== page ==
UPDATE 17/10/14 12.45pm: The Entertainment Software Association has now provided Eurogamer with the following statement:
"Threats of violence and harassment are wrong," an ESA spokesperson said. "They have to stop. There is no place in the video game community-or our society-for personal attacks and threats."
ORIGINAL STORY 16/10/14 06.20am: The Entertainment Software Association (ESA) - the top trade group in the US that's mostly known for organising and hosting E3 - has spoken out against the movement known as GamerGate.
The movement, which is linked to the organised harassment of women in the games industry, characterised itself as a backlash against corruption after a man accused his developer ex-girlfriend of sleeping with a journalist for positive coverage - an accusation which proved to be false. It gained momentum when Firefly actor Adam Baldwin coined the term GamerGate, because that's how scandals (or supposed scandals) are named these days.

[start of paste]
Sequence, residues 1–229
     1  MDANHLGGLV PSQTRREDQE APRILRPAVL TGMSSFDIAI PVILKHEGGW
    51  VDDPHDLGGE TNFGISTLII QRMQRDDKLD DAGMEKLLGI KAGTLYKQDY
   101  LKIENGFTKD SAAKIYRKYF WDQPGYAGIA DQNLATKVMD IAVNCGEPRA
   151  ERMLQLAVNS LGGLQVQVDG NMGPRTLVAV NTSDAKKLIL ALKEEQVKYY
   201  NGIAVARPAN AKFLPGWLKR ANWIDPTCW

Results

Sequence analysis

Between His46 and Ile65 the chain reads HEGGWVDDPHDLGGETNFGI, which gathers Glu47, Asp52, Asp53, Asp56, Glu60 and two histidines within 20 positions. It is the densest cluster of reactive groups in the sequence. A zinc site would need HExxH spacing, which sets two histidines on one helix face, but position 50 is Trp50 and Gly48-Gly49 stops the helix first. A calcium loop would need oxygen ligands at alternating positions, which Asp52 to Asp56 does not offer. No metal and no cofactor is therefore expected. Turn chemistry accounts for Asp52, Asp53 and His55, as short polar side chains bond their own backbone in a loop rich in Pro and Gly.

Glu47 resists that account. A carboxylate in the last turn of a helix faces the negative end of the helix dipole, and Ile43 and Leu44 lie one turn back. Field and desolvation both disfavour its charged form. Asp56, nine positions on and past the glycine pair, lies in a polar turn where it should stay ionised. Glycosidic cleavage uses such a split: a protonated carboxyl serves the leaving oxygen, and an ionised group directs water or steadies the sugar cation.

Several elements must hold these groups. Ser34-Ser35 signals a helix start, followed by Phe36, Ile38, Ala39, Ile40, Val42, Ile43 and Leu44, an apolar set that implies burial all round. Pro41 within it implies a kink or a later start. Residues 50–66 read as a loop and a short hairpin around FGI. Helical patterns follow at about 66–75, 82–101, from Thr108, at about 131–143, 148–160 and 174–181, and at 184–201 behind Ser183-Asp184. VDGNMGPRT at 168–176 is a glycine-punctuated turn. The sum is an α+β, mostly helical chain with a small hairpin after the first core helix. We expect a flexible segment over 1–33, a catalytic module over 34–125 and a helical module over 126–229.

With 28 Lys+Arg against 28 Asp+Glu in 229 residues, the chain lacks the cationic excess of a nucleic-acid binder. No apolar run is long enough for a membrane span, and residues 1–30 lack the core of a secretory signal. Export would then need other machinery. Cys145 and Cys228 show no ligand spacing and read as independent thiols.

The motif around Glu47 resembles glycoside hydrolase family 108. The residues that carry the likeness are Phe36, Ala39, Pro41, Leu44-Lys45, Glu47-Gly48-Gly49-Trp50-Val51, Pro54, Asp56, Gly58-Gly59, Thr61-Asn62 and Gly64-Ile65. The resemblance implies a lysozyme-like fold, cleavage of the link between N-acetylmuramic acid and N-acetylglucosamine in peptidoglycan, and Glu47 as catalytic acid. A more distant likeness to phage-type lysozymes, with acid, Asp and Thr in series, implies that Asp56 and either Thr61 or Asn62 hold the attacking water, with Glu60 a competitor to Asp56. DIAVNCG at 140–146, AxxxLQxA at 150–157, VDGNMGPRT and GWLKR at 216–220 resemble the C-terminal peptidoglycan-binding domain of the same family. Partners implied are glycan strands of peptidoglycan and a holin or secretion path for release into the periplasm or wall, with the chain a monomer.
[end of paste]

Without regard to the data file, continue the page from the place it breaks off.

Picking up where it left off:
GamerGate gained widespread attention this week when Feminist Frequency founder Anita Sarkeesian had to cancel a scheduled talk at Utah State University upon receiving death threats - at least one of which mentioned GamerGate. The Utah State police decided that it couldn't not allow people to bring guns to a university. You know, second amendment and all that.
But America isn't always that bonkers, and the ESA has spoken out. "Threats of violence and harassment are wrong," said an ESA spokesman in a statement to The Washington Post. "They have to stop. There is no place in the video game community - or our society - for personal attacks and threats."
For the avoidance of doubt that the ESA was referring to GamerGate, the reporter who published the quote, Haley Tsukayama, later specified on Twitter that she "asked for a statement on GamerGate, by name, for that story."
The ESA is comprised of a ton of the industry's biggest publishers, including Microsoft, Sony, Nintendo, Ubisoft, EA, Activision Blizzard, Square Enix, Capcom, Konami, Namco Bandai, Epic and more.
It's not just the ESA that has been moved to take a stance against GamerGate this week. Freelance writer Veerender Jubbal started the #StopGamerGate2014 hashtag last night on Twitter, which has been used over 89,000 times in the last 21 hours according to analytics site Topsy.
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